Does heaven exist? With well over 100,000 plus recorded and described spiritual experiences collected over 15 years, to base the answer on, science can now categorically say yes. Furthermore, you can see the evidence for free on the website allaboutheaven.org.

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This book, which covers Visions and hallucinations, explains what causes them and summarises how many hallucinations have been caused by each event or activity. It also provides specific help with questions people have asked us, such as ‘Is my medication giving me hallucinations?’.

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Fox sisters

Category: Other spiritually gifted people

The Fox sisters were three sisters from New York who played an important role in the creation of Spiritualism: Leah (1831–1890), Margaret (also called Maggie) (1833–1893) and Kate (also called Catherine) Fox (1837–1892).

According to Wikipedia, “the two younger sisters used "rappings" to convince their older sister and others that they were communicating with spirits. Their older sister then took charge of them and managed their careers for some time. They all enjoyed success as mediums for many years. “

Which if you think about it makes no sense at all, as if the two younger sisters had fabricated the ‘rappings’, they could not have enjoyed separate successful careers as mediums. 

Many people with a lot to lose attempted to discredit them.  The truly ludicrous explanations for how the rapping sounds were made include that of the Reverend John M. Austin who would later claim the noises could be made by cracking toe joints [ sic]. Then in 1851, the Reverend C. Chauncey Burr wrote in the New-York Tribune that by cracking toe joints the sounds were so loud, they could be heard in a large hall [sic].  In the same year three investigators Austin Flint, Charles E. Lee and C. B. Coventry from the University at Buffalo examined the raps produced by the sisters and concluded they were produced by cracking their bone joints such as toes, knees, ankles or hips!  Aside from the near impossibility of doing this, even if it could be done, the pain over such long periods would have rendered them disabled.  And they weren’t.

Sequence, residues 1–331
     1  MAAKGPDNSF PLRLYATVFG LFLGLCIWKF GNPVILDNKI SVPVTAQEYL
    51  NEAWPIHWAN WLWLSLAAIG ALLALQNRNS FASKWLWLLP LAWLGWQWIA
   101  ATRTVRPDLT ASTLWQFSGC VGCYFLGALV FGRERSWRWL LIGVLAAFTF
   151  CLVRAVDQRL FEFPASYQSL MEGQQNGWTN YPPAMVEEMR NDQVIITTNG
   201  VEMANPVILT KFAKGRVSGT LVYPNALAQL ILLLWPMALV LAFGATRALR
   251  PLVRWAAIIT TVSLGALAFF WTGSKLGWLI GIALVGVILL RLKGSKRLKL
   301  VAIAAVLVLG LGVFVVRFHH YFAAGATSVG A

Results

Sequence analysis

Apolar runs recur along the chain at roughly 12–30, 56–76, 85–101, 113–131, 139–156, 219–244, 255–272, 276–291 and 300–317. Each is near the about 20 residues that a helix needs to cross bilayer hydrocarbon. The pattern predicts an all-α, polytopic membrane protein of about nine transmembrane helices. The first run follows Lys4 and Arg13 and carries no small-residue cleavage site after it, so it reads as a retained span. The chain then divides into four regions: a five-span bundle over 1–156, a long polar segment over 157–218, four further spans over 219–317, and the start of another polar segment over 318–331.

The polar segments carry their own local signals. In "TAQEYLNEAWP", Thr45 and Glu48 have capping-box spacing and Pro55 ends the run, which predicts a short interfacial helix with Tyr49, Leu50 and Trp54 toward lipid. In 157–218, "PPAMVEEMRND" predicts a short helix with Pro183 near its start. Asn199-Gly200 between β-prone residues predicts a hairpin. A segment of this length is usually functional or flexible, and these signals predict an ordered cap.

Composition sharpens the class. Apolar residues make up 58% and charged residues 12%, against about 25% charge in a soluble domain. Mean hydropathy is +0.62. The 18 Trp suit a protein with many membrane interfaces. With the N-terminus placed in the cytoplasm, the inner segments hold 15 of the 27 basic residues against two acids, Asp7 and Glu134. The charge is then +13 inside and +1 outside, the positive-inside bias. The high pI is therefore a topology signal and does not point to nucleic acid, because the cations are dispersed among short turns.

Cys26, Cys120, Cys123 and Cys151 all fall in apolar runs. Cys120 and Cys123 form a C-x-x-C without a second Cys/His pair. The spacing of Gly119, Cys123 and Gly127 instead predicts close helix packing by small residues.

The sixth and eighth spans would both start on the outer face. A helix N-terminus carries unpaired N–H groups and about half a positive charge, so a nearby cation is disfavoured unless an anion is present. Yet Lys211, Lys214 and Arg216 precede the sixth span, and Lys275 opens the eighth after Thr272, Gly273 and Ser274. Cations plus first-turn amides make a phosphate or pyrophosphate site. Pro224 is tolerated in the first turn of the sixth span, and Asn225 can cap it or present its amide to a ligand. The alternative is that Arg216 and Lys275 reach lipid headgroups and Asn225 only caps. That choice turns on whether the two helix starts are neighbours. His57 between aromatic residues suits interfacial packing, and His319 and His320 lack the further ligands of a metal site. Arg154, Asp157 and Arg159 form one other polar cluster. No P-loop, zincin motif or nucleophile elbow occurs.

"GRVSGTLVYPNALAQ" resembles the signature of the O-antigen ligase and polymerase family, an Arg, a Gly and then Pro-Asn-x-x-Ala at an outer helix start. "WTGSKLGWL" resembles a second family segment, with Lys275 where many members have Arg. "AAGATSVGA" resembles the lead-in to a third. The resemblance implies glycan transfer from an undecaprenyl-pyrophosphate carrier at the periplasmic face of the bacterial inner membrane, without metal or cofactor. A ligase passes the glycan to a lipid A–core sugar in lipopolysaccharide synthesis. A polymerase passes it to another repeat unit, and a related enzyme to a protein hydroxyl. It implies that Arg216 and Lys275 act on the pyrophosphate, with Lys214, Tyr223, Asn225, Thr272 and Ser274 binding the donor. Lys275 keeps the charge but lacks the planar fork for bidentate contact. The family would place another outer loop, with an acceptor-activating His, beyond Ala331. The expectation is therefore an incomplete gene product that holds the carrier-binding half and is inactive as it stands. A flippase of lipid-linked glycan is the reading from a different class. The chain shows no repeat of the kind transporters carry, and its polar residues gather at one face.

Much of the effort to discredit the sisters was effected later by Harry Houdini, and it has become clear that he had very confused motives in his efforts to discredit the more talented mediums, many of his accounts cannot be believed [see the Houdini entry].

We have an observation that is a more balanced and fair assessment of what actually happened written by a scientist who was their contemporary, Doctor Paul Gibier.


In 1848, the two younger sisters – Catherine (Kate) (age 10) and Margaretta (Maggie) (age 14) – were living in a house in Hydesville, New York, with their parents. Hydesville no longer exists but was a hamlet that was part of the township of Arcadia in Wayne County, New York, just outside Newark. The house had some reputation for being haunted, but it wasn't until late March that the family began to be frightened by unexplained sounds that at times sounded like knocking and at other times like the moving of furniture

Kate and Margaret were later sent to nearby Rochester during the excitement – Kate to the house of her sister Leah (now the married Leah Fox Fish), and Margaret to the home of her brother David – and the rappings followed them.

Amy and Isaac Post, a Quaker couple and long-standing friends of the Fox family, invited the girls into their Rochester home. Immediately convinced of the genuineness of the phenomena, they helped to spread the word among their Quaker friends, who became the early core of Spiritualists.

On 14 November 1849, the Fox sisters demonstrated their spiritualist rapping at the Corinthian Hall in Rochester. This was the first demonstration of spiritualism held before a paying public, and inaugurated a long history of public events featured by spiritualist mediums and leaders in the United States and in other countries.

Kate and Margaret became well-known mediums, giving séances for hundreds of people, and the religious significance of communication with the deceased soon became apparent.  Horace Greeley, the prominent publisher and politician, then became their protector .

Leah, on the death of her first husband, married a successful Wall Street banker.  She then married for a third time in 1858 to Daniel Underhill, a successful insurance man.  Margaret met Dr Elisha Kane, the Arctic explorer and physician in 1852.  Kane married Margaret who converted to the Roman Catholic faith.  Following their marriages, both Leah and Margaret withdrew from practising mediumship.